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Plastic lumber to me is an oxymoron.

I have used vinyl trim for around an exterior door if that counts.

For me, I can't see the use of how plastic lumber would look good. I would use it only as a substitute for wood in a situation were exterior durability came into consideration. Although, if it is a project that I am spending time on, and want to have pride in, I would use white oak or another suitable exterior wood.

I would be interested in seeing some projects from this though. Some of the people on this site have phenomenal creativity.

This makes me think of when we were designing a kitchen for our house. We were looking at counter top materials - corian, tile, etc. Every product compared itself to granite. They would say " almost as hard as, or similar look to, or almost as able to take a hot object like granite" We had to ask ourselves why we were not shopping for granite since everything else was trying to emulate it. Just like natural stone, I don't see anything man made being able to be a substitute for the natural beauty of wood.
 

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Discussion Starter · #3 ·
I agree, it would only be for specific projects, such as plastic furniture
its more of an outdoor use, the lumber I refer to can be bought in standard sized (2×4 etc) and is solid all the way through. it lasts outside just about forever and can endure sun/rain/salt water and doesn't rot etc
 

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I take exception to Corian being lumped in with plastic, lumper or otherwise. It is an amazing material for furniture or other craft projects. It works easier than wood and is almost as hard as rock. You don't have to put any finishes on it to protect it or "beautify" it. Because you can heat and bend it, it saves a lot of cutting and carving.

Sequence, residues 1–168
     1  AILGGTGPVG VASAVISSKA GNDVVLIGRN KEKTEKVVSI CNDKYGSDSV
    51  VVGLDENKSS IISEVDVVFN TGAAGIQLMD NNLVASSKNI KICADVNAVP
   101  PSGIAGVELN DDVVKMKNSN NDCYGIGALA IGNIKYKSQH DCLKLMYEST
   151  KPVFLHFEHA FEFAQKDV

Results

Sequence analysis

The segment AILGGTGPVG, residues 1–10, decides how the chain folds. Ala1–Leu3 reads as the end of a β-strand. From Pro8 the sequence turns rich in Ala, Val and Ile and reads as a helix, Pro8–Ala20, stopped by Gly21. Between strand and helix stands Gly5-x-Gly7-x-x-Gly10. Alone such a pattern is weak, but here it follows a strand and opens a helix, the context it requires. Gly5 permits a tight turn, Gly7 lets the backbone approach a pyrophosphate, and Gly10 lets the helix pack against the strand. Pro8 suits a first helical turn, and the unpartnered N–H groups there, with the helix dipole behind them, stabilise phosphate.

Lets face it, I am partial.
 

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I have very mixed feeling on plastic vs wood. Short term this plastic stuff may look great… BUT, after a few years did all your hard work turn to junk? I don't know the answer, yet 30 years ago plastic siding was the rage and today it's discolored, warpping and falling off, it had a lifetime warranty. Only problem was trying to get your house re-sided with a company that no longer around.

I vote no…. to plastic and yes to the real thing, Wood!
 

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I was watching some tv show on the DIY Network I believe and they built a doghouse using the plastic composite lumber. It's made from sawdust and wood chips and recycled plastics I believe. Anyway, it is very durable to the outdoor environment and holds up to weather well, but did have some drawbacks. For instance it doesn't have the same strength of regular wood. If you were doing something like a deck made from it (not sure if that's reccommended even, but using it as an example) you would have to increase the supports and decrease the spacing between the support beams. As far as furniture, you would probably just have to use thicker stock than if you were to use regular wood. So, if finishing wood for exterior use isn't your thing, then iit might be a good option.